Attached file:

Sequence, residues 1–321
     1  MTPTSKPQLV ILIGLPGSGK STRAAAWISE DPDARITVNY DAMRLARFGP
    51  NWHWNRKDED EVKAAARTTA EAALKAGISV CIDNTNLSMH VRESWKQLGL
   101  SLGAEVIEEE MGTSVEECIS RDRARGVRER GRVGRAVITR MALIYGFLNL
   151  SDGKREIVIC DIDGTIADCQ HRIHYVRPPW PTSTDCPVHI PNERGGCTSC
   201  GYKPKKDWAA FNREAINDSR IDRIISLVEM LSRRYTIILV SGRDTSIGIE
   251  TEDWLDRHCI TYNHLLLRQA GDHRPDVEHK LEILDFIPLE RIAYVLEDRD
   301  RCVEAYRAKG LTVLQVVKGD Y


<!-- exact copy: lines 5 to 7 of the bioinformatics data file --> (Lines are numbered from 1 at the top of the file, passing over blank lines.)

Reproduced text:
   151  SDGKREIVIC DIDGTIADCQ HRIHYVRPPW PTSTDCPVHI PNERGGCTSC
   201  GYKPKKDWAA FNREAINDSR IDRIISLVEM LSRRYTIILV SGRDTSIGIE
   251  TEDWLDRHCI TYNHLLLRQA GDHRPDVEHK LEILDFIPLE RIAYVLEDRD